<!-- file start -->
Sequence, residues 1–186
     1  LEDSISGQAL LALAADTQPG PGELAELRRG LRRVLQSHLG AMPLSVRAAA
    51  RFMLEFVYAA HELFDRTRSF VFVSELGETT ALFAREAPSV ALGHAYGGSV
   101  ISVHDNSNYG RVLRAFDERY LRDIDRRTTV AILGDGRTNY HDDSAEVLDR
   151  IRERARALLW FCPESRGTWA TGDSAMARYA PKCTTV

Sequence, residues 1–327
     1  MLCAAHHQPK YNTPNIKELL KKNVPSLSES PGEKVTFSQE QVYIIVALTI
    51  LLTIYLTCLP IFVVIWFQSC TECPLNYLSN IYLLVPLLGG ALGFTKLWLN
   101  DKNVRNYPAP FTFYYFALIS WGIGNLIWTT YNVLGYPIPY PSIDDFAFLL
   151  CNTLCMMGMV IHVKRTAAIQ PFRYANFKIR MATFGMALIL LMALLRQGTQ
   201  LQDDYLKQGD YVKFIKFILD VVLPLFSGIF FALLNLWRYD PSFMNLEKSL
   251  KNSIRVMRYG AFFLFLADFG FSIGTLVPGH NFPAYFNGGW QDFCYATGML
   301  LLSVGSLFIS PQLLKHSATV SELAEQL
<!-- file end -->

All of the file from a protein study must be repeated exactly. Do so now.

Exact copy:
Sequence, residues 1–186
     1  LEDSISGQAL LALAADTQPG PGELAELRRG LRRVLQSHLG AMPLSVRAAA
    51  RFMLEFVYAA HELFDRTRSF VFVSELGETT ALFAREAPSV ALGHAYGGSV
   101  ISVHDNSNYG RVLRAFDERY LRDIDRRTTV AILGDGRTNY HDDSAEVLDR
   151  IRERARALLW FCPESRGTWA TGDSAMARYA PKCTTV

Sequence, residues 1–327
     1  MLCAAHHQPK YNTPNIKELL KKNVPSLSES PGEKVTFSQE QVYIIVALTI
    51  LLTIYLTCLP IFVVIWFQSC TECPLNYLSN IYLLVPLLGG ALGFTKLWLN
   101  DKNVRNYPAP FTFYYFALIS WGIGNLIWTT YNVLGYPIPY PSIDDFAFLL
   151  CNTLCMMGMV IHVKRTAAIQ PFRYANFKIR MATFGMALIL LMALLRQGTQ
   201  LQDDYLKQGD YVKFIKFILD VVLPLFSGIF FALLNLWRYD PSFMNLEKSL
   251  KNSIRVMRYG AFFLFLADFG FSIGTLVPGH NFPAYFNGGW QDFCYATGML
   301  LLSVGSLFIS PQLLKHSATV SELAEQL